Do you ruminate? In the course of a normal day, do you find thoughts of stupid mistakes from the past popping into your head? Do you find yourself revisiting conversations, regretting comments that hurt others’ feelings? Do you have a nagging sense of guilt for things you wish you hadn’t done? Do you replay memories of your failings in your mind? If so, you ruminate. I know the pains of rumination; I am a skilled ruminator myself.

Out of the blue I will have thoughts about my stupidest moments. They are often trivial and probably forgotten by everyone but me.

In adulthood, women are twice as likely as men to suffer depression. Martin Seligman, the famous psychologist, nominates rumination as the reason. When women feel bad, they ruminate. They endlessly mull over their mistakes. They may even bring up old mistakes as evidence that they are thoughtless or foolish. They seem to have prosecuting attorneys within their own souls.

In contrast, when men feel bad, they tend to act. Maybe they go shoot some hoops, pick a fight, or drive recklessly. They are no wiser than women, but they are less likely to be depressed.

Let’s put rumination in spiritual perspective. We might assume that heaven sends ruminations as part of a campaign for repentance. That is mistaken. God sends invitations but not ruminations. Ruminations are a gift from Satan, the great accuser. It is he who wants to keep us miserable in a cycle of self-blame and endless recrimination. He knows that such thinking sparks despair rather than repentance.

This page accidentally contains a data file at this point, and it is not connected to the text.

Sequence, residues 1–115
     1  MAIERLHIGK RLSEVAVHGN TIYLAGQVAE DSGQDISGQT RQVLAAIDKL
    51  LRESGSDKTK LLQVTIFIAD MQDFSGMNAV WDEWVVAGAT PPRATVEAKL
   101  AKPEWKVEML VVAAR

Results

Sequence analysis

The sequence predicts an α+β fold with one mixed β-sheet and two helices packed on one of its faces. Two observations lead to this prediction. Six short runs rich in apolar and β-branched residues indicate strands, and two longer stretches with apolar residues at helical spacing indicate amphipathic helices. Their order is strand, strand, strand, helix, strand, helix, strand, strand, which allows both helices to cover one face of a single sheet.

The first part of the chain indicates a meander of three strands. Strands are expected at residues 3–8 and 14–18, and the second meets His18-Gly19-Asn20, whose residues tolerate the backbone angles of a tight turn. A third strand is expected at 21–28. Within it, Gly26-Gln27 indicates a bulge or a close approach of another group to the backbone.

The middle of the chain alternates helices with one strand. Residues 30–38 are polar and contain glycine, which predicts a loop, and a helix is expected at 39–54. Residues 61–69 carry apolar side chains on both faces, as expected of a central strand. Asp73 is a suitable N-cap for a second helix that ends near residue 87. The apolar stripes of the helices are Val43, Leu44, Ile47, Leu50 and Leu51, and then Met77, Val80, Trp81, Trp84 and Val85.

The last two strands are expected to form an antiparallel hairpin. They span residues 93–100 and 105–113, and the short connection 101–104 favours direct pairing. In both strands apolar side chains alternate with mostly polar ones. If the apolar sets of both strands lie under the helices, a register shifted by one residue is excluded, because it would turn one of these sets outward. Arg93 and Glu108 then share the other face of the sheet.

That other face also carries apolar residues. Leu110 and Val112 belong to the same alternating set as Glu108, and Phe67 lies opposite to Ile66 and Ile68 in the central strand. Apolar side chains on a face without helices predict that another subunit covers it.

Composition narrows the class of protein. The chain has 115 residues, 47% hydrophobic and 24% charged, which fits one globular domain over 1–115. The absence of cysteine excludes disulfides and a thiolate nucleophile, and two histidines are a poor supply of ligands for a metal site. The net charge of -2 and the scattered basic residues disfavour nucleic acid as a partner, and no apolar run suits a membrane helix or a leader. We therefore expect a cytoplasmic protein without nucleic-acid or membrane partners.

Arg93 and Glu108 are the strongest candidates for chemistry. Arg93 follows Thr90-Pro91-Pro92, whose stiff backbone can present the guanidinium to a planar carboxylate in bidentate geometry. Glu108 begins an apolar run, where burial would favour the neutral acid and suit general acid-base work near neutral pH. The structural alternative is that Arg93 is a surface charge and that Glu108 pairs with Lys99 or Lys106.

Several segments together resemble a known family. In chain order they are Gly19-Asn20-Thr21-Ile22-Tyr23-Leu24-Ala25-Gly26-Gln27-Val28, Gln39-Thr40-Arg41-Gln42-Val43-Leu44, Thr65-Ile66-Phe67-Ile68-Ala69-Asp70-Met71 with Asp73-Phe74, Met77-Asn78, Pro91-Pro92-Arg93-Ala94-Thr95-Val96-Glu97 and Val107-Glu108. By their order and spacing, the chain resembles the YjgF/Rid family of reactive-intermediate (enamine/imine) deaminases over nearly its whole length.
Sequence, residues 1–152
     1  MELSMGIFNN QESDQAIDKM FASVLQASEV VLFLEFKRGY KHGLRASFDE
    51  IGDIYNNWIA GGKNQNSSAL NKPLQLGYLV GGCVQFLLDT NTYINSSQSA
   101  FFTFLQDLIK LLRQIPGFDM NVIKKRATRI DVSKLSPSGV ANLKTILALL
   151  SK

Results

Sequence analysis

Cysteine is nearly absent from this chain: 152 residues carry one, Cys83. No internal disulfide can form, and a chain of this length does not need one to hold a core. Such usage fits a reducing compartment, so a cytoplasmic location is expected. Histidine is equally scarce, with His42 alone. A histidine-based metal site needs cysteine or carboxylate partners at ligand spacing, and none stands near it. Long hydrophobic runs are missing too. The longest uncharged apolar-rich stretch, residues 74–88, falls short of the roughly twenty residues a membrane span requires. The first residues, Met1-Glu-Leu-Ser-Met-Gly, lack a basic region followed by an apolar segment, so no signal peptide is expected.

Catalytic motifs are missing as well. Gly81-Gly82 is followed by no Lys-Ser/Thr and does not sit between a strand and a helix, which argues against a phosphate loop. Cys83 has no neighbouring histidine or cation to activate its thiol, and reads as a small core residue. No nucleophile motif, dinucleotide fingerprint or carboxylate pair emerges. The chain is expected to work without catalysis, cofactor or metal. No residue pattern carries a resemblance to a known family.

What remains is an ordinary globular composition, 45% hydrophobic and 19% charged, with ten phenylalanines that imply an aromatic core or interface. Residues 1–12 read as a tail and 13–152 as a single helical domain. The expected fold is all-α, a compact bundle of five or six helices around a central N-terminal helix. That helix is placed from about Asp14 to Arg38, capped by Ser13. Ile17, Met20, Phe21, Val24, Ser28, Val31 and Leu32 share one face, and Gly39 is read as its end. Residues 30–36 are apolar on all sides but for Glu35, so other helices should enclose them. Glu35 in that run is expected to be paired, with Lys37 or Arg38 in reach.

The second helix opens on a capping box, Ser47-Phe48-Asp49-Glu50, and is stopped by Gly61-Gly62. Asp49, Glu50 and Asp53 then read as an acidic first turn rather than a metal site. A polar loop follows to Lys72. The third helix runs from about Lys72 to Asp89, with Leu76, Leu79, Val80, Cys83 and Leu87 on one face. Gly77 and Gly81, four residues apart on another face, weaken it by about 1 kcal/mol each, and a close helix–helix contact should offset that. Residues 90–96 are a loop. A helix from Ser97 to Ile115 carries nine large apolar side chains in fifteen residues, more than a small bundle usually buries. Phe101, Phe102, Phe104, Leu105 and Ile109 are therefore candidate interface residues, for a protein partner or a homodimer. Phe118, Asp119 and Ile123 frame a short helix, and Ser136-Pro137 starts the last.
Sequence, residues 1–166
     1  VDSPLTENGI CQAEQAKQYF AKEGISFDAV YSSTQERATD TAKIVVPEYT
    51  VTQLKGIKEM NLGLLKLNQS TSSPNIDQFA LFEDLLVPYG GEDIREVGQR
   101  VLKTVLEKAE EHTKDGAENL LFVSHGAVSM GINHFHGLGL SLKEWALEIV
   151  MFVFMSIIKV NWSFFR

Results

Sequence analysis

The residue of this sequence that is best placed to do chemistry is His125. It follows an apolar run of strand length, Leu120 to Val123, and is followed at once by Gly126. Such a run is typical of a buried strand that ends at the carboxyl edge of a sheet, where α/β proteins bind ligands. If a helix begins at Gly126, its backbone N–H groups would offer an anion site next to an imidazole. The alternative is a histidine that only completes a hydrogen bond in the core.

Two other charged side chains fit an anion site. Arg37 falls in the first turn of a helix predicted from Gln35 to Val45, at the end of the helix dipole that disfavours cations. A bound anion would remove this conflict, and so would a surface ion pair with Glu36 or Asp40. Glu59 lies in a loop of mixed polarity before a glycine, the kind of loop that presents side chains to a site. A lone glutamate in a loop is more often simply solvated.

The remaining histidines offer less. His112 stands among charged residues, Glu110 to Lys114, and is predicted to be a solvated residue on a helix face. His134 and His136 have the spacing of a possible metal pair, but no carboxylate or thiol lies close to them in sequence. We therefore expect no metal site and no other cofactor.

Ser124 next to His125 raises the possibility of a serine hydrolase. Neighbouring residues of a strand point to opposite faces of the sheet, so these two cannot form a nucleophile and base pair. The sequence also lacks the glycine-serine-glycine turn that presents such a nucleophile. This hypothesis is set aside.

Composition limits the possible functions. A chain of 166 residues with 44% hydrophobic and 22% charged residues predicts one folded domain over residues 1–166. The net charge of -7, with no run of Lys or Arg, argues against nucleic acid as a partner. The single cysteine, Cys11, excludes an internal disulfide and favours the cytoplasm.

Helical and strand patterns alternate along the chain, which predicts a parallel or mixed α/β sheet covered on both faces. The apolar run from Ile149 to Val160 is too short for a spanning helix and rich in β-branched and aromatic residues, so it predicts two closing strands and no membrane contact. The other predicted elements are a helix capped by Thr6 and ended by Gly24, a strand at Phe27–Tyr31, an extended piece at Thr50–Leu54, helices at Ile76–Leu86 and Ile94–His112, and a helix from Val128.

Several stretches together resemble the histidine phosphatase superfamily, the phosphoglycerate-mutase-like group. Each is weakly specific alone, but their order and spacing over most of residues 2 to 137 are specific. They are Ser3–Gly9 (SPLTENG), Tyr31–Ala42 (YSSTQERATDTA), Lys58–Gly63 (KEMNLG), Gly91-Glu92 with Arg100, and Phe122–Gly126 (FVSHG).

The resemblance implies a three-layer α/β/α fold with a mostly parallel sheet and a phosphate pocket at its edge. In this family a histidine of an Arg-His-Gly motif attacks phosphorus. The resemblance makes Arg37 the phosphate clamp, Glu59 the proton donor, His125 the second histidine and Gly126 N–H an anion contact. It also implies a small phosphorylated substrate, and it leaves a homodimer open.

The good news is that we can stop ruminating—we can stop being the victims of Satan’s accusations. And we can do it while still being appropriately accountable. I will adapt Seligman’s five suggestions.

First, we can learn to recognize those automatic thoughts that flit through our heads. We can notice when we bring back mistakes in service of accusing and blaming ourselves. Often we start a narrative that suggests that our badness is personal, permanent, and pervasive. “I keep making the same stupid mistakes again and again in every part of my life. What is wrong with me?” We should catch ourselves when we say such things.

Second, we can learn to challenge or dispute those automatic thoughts. Yes. We make mistakes. Foolish ones. We also do many things well. And we keep learning and growing from our mistakes. Taking a bleak view of ourselves is a distortion intended to immobilize us. God does not want us to feel hopeless.

Third, we can learn to change our explanations. Maybe we discover that we have problems when we are under pressure or when we’re tired. We show ourselves the same kind of compassion we would show others: “I don’t do well in those circumstances. I will ask people to help me avoid those situations that bring out the worst.”